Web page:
Your point about Waiting for Godot is entirely true: there is no Big Event. There is only the journey. Purchase a good camera: you’ll need it.

• Shibusa sounds awesome.

My Corolla is pushing 130k miles/12 years, though I am afraid my possessions no longer fit into it.

And yes, Veblen goods fit into this perfectly. I still have no idea why so many people still buy china. Almost nobody entertains that way anymore. Most times, when I go visiting, people seem to put out buffet style functional dinnerware with the focus on the food, as it should be.

• Dan Weese says:

Shibusa became a guiding principle in my life after a decade of working with Japanese engineers. I live by two dicta: Honour Thy User and Data First.

Perhaps I fit into the Hair Shirt category in my ruthless paring-down of my possession count but it doesn’t feel like it. Your animus to fine china is gently amusing: understandable insofar as fine china is a seldom-used status symbol. Yet well-made china can be used every day: I know people who do. Though I seldom stay anywhere for longer than six months or a year, one of the great joys of my life is entertaining and I have some lovely table service. I will go so far as to obtain banana leaves for entertaining my Tamil friends and yes, elegant tea service for my Japanese friends. Such are the small joys of life; though happiness may not arise from possessions, a few good possessions beat their alternatives hollow. My pet peeve along those lines is the McMansion, too much house on an insufficient plot of land.

The world is too much with us; late and soon,
Getting and spending, we lay waste our powers:
Little we see in Nature that is ours;
We have given our hearts away, a sordid boon!
The Sea that bares her bosom to the moon;
The winds that will be howling at all hours,
And are up-gathered now like sleeping flowers;
For this, for everything, we are out of tune;
It moves us not.–Great God! I’d rather be
A Pagan suckled in a creed outworn;
So might I, standing on this pleasant lea,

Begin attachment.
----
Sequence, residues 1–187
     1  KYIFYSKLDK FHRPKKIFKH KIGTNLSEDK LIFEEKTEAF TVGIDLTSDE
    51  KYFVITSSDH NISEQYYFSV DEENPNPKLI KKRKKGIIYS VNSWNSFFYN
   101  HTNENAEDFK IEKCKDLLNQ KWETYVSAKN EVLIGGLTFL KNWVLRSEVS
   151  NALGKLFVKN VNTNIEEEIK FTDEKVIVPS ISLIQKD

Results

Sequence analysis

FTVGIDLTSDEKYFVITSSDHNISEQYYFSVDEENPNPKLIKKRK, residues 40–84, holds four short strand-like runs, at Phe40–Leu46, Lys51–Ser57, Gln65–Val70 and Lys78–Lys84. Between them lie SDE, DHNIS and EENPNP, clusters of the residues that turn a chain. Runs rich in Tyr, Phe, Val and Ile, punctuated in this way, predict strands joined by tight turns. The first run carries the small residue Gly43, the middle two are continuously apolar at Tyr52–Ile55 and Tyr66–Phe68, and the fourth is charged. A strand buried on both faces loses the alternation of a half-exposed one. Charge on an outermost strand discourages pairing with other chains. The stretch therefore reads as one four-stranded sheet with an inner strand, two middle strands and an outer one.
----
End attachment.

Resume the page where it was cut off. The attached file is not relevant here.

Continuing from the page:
Have glimpses that would make me less forlorn;
Have sight of Proteus rising from the sea;
Or hear old Triton blow his wreathed horn.

• It’s not fine china per SE, but whether you actually use it regularly enough to justify owning. Most don’t. And I borrowed that example from Sterling, rather lazily. No personal animus. You can have me over for dinner anytime, with either fine china or banana leaves :)

• Enjoyed the article very much. Lots of actionable material – the question for me is, what specific actions?

The comment about fine china reminds me of Paul Graham’s article on “stuff”:

The worst stuff in this respect may be stuff you don’t use much because it’s too good. Nothing owns you like fragile stuff. For example, the “good china” so many households have, and whose defining quality is not so much that it’s fun to use, but that one must be especially careful not to break it.

• Kay says:

The middle class is something of a myth: it’s always been a population of folks trying to Trade Up.

If there is something like a “class-consciousness” then it is an obsession about the economy: work, income, spending, inflation etc. which makes up the boring life of the majority of the population, something which has even become the utopian political horizon of libertarianism.

Venkat’s blog is an echo of the intellectualization of the subject which is, culturally, a very recent phenomenon. The economy as a whole is chaotic, creative, destructive and instable, a mixed beast and the role of an intellectual who, unlike socialists, enjoys it, is to find and define a fitting subjectivity. Under his guidance mundane and petty bourgeois activities like book-keeping, picking certain consumer goods and delegating work for money, becomes a mindful and potentially transformative act. This also sets “spending up” aside from mimicking the behavior of the upper-classes, which is, as you rightly observed, the defining criterion of the middle class aside from preventing to sink down.